When you think “migraine” you probably think “headache.” But if you have a history of migraine headaches and start having dizzy spells, you may have vestibular migraines — and they’re a bit of an oddity; they may not involve headaches at all.
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A history of migraines and dizziness are clues to this condition, but diagnosing vestibular migraines isn’t as straightforward as that, says neurologist Neil Cherian, MD.
“It’s like saying that if a car is fast and red it must be a Ferrari,” he says.
What is a vestibular migraine?
Doctors look for at least a five- to eight-year history of migraine symptoms and developing dizziness to identify vestibular migraines (also known as migraine-associated vertigo, migraine-related vestibulopathy and migrainous vertigo). The term “vestibular” refers to the inner ear and your sense of balance.
“The vestibular symptoms are quite variable,” Dr. Cherian says. “They could include a spinning feeling, a sensation of movement and the perception that things are moving out of proportion to the environment.”
Symptoms can last for minutes or days. And, they can knock you off your feet.
“Vestibular migraines can be quite debilitating,” he says. “Even though there is not always a headache, the dizziness, light and sound sensitivity, and/or the nausea are sometimes quite incapacitating.”
It’s difficult to say how common vestibular migraines are. One study suggests that 1.7 percent of the general population may have them.
”The research on this is still evolving,“ Dr. Cherian says. “In my 18 years of practice, I have not seen many cases.”
How do vestibular migraines differ from classic migraines?
A migraine headache causes moderate to severe pain and tends to recur. The pain often begins on one side of the head and throbs or pulses. You may notice sensitivity to light, sound and odors. You may experience nausea and vomiting.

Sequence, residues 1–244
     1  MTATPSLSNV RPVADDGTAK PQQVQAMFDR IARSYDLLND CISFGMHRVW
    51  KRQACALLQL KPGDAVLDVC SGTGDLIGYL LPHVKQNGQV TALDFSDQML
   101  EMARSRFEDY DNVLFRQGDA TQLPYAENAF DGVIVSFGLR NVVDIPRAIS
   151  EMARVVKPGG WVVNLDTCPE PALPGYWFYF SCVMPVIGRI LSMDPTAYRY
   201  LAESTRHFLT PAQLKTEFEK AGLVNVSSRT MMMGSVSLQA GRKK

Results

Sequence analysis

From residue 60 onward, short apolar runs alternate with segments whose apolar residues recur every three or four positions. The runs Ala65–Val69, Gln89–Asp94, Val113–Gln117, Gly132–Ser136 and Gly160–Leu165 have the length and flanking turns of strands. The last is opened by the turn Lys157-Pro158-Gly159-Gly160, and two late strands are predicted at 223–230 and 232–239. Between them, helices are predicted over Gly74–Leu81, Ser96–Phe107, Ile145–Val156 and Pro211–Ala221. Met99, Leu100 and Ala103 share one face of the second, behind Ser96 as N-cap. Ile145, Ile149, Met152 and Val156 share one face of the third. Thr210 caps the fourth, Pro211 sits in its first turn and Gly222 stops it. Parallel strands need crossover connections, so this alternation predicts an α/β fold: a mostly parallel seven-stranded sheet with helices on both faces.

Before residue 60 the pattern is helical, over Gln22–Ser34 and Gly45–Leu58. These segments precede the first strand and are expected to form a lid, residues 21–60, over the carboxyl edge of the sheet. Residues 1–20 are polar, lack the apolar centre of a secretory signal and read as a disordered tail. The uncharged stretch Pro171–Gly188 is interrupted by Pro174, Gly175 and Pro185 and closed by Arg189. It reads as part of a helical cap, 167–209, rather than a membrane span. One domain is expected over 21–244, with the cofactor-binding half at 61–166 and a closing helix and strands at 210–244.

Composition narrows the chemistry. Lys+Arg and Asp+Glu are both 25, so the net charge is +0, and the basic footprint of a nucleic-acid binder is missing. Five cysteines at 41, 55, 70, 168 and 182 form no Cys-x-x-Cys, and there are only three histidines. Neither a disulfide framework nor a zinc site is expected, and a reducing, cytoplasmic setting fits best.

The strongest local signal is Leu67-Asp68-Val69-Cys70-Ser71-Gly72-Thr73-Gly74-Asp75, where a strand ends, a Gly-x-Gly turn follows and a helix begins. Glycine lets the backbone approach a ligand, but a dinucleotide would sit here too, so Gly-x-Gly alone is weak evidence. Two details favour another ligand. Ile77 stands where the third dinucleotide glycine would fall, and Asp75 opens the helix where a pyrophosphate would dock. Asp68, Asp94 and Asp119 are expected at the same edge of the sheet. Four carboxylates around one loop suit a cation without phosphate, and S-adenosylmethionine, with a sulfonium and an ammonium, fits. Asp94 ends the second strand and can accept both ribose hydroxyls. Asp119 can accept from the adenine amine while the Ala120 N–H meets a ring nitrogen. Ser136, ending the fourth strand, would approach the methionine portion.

Some people notice a warning signal or aura (visual cues such as bright flashing lights, for example) before a migraine.
They tend to run in families, but there are other triggers — emotional stress, sensitivity to chemicals and preservatives in food, caffeine, and sleep deprivation.
Vestibular migraines mirror many of these symptoms along with dizziness (with or without a headache). Dr. Cherian says he looks for the absence of signs of an inner ear problem or other possible sources of dizziness to help make a diagnosis.
How does dizziness factor in?
Dizziness by itself is a common ailment. About 15 percent of the general population experiences dizziness each year, and the rate is higher among older adults.
“It’s one of the top five presenting symptoms to a primary doctor,” Dr. Cherian says.
It causes falls and faintness in some cases, but with vestibular migraines you’ll have vertigo or a sense of spinning.
Dizziness is generally not serious, and may relate to medications or heart problems as well as inner ear problems (with vestibular migraines), he says.
How do doctors treat vestibular migraines?
“Typically, we treat migraines and vestibular migraines the same,” Dr. Cherian says.
He suggests three common approaches:
- Determine and avoid your triggers — stress, certain foods or not enough sleep.
- Take supplements, such as riboflavin or magnesium.
- Take over-the-counter or prescription drugs to reduce pain or prevent headaches.
Your doctor also may prescribe vestibular rehabilitation, a type of physical therapy that can help improve balance and manage your dizziness.
The rehabilitation team will tailor an exercise plan for your specific problems, including exercises for neck stretching and vision stability, for example.
Bottom line? Don’t try to diagnose yourself. Explain your headache history and symptoms and let your doctor determine whether you’re having vestibular migraines.